The findings are consistent with those from a cross-sectional subgroup analysis of the Framingham cohort,25 in which an association between osteoarthritis of the lumbar spine and a tendency for radiological LSS associated with increased BMI was shown.25 The analysis included 187 participants, of whom 13 had radiological findings of LSS. Another recent cross-sectional study of participants (n = 938), in whom 78% were considered to have more than moderate radiographical central spinal stenosis, also displayed a positive association between radiological LSS and BMI.31
The main strengths of our study are the prospective design, the large sample size, and the high validity of both exposure and outcome. Date of diagnosis, date of surgery, occurrence of death, and emigration data were collected through national registers known to have high accuracy.33 Complete linkage between the registers is rendered by the individual personal identification number provided to all Swedish residents.37 Furthermore, the sensitivity analysis using only cases with codes for diagnosis connected to a surgical procedure revealed similar results as the original analysis.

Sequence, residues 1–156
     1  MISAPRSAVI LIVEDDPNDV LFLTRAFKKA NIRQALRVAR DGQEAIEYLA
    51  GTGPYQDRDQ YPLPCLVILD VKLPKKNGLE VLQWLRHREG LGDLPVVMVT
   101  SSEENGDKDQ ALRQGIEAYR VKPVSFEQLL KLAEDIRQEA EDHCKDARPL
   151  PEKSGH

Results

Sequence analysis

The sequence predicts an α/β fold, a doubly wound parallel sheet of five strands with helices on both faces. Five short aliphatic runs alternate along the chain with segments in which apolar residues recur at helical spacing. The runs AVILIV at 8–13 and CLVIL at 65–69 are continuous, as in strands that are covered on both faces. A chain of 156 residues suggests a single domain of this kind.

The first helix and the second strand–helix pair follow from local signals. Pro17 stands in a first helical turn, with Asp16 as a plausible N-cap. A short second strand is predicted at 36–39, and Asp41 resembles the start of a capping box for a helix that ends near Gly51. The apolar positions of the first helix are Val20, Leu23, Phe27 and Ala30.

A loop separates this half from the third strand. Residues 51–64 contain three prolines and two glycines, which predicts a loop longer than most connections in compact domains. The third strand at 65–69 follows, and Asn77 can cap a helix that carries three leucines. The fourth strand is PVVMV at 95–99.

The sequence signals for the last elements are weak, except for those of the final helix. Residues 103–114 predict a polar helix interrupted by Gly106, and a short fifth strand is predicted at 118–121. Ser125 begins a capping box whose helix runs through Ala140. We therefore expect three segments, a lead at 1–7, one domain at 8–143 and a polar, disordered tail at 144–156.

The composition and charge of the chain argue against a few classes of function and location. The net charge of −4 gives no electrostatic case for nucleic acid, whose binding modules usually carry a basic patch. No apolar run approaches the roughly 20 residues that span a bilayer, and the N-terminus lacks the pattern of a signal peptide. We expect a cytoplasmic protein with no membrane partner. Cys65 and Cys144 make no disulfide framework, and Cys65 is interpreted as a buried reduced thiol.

The work was supported by Swedish Council for Health Working Life and Welfare (2011–426), and the Department of Research and Development Västernorrland County Council.
Supplemental digital content is available for this article. Direct URL citation appearing in the printed text is provided in the HTML and PDF version of this article on the journal's Web site (www.spinejournal.com).
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